Over the past few years, Dave Franco has shown he’s a lot more than just James Franco’s brother with great work in films like 21 Jump Street, Now You See Me, and Neighbors. And now in director Ken Scott’s (Delivery Man) Unfinished Business, Franco shows he can hold his own with Vince Vaughn and Tom Wilkinson. As you probably know from the trailers, the film stars Vaughn as a man who starts his own small business after being fired, only to find himself up against his old boss (Sienna Miller) during a business trip to Europe. Franco and Wilkinson work for Vaughn, and the pic also stars James Marsden, and Nick Frost.
Last week I landed an exclusive interview with Dave Franco. He talked about getting to work with the great cast, what it was like filming in Berlin, what the last few years have been like for him, if he’s going to be involved with the Neighbors sequel, the Now You See Me sequel (which is called Now You See Me: The Second Act), working with his brother on Zeroville, and a lot more.
Collider: How much fun did you have making this movie?
DAVE FRANCO: We had a great time. We filmed the majority of it in Berlin, which is now one of my favorite cities in the world. It’s just weird and artsy and progressive, and it feels like anything goes and there’s no judgment. It’s one of the few places that I’ve visited that I could actually live.
I’ve been to Berlin a few times, and I also have the same opinion. It’s a huge, amazing, off the wall, “holy shit” city.
FRANCO: Yeah! What I love is that they really encourage the arts, as opposed to many places around the world where the arts are kind of frowned upon, where people think you can’t really make it. They kind of set up the city in a way where artists can live cheaply and artists really encourage each other and help each other. It’s just a good vibe.
Not to put myself in this, but there are parts of East Berlin that I went to years ago that reminded me of downtown Los Angeles that had no money, no anything, buildings being covered by graffiti artists, and just amazing stuff. Now there’s a lot of money in the city so a lot of those areas are being pushed even further outside.
FRANCO: Right, exactly. It does seem like one of those cities that literally changes every single year.
You got to work with Tom Wilkinson, who is a very serious, great actor. How much fun was it getting him to break on camera?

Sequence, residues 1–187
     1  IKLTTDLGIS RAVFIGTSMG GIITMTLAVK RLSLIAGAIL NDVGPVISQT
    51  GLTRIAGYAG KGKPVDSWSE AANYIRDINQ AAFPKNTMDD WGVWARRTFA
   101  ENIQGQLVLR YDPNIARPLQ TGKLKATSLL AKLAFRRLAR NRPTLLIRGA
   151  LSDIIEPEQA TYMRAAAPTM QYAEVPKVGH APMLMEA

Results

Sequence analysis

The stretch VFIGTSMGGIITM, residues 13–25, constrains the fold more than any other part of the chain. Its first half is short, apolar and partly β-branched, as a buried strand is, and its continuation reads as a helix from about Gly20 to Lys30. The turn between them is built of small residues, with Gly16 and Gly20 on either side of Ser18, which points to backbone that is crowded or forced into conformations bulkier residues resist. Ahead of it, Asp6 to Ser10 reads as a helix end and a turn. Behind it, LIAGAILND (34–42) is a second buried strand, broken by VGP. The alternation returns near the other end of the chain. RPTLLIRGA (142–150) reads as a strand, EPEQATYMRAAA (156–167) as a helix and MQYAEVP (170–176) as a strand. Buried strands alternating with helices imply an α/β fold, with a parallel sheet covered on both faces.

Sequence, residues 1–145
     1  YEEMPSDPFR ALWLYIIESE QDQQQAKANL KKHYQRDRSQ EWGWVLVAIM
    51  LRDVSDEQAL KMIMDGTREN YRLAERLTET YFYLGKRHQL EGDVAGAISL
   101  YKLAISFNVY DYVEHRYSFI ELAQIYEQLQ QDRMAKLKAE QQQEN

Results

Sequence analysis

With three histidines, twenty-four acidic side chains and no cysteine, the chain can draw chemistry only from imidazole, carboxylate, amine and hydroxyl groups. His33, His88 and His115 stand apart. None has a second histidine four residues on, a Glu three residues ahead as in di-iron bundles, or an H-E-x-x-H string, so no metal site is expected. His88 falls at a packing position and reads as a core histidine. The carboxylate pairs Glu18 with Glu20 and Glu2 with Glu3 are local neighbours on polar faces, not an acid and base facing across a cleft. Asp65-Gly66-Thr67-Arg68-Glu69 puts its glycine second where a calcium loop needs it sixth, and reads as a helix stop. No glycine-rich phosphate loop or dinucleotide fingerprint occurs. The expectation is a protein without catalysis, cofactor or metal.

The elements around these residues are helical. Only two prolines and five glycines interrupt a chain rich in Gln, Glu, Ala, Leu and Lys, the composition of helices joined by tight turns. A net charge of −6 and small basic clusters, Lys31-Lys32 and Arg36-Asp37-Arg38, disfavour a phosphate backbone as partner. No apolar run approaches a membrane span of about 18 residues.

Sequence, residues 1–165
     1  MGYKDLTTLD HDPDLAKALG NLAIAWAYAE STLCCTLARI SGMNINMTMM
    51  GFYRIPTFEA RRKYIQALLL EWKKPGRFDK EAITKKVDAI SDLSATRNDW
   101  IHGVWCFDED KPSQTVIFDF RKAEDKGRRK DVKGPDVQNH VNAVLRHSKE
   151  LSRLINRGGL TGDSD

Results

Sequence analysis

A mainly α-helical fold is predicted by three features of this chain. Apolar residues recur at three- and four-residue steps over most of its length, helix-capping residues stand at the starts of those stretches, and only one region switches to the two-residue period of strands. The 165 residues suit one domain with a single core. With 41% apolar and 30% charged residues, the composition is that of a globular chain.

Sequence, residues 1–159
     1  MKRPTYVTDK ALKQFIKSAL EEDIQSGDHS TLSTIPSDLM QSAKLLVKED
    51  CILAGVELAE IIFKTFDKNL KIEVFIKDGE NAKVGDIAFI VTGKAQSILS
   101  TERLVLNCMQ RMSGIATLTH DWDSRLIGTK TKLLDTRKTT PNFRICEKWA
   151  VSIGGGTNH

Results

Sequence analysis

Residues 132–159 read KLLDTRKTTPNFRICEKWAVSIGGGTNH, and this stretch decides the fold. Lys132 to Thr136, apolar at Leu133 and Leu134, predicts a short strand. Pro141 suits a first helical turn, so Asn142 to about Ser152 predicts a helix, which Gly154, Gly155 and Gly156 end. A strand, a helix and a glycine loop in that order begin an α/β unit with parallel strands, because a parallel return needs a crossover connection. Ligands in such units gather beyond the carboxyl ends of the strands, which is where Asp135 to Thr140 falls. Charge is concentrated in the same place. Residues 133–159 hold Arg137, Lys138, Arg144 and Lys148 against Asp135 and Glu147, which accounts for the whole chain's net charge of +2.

FRANCO: [Laughs] I love Tom Wilkinson. I was so excited when I first heard that he was coming on board. Just because, like you said, he’s a two-time academy award nominee, and in this film he’s taking bong hits, he’s participating in pillow fights with naked women, and he’s involved in bondage situations. So I think people are going to be excited to see a different side of Tom Wilkinson. What I love about him is that because he’s such a great actor, he’s able to take moments in the film that could have otherwise been very broad, and he is able to ground them and make it feel very real. He’s just a pro, and he’s genuinely very funny and very dry. I could spend every day with that guy.
I think that the people that understand movies, who have seen his work and see him do crazy shit, are going to laugh for a completely different reason than other people.
FRANCO: Absolutely, absolutely.
The other thing about this movie though is you have a great supporting cast, like James Marsden and Nick Frost. There’s just a ton of people in this thing. When you got involved, did you know that all of these people were going to be a part of it? Talk a little bit about how this all came together for you and the great supporting cast.
FRANCO: I think when I came on board, Vince was the only one who was cast at that point, so it was a very welcome surprise when all the other amazing actors started trickling in. It’s necessary for a comedy these days to have an entire ensemble that is genuinely funny. You can’t make a comedy work just with one or two funny actors. Again, with all the people you mentioned, Marsden, Nick Frost and Sienna Miller, they are all, like Tom Wilkinson, legit actors, not just funny actors. They were able to bring real humanity to these characters, and even though some of them aren’t on screen for a significant amount of time, they really make it count.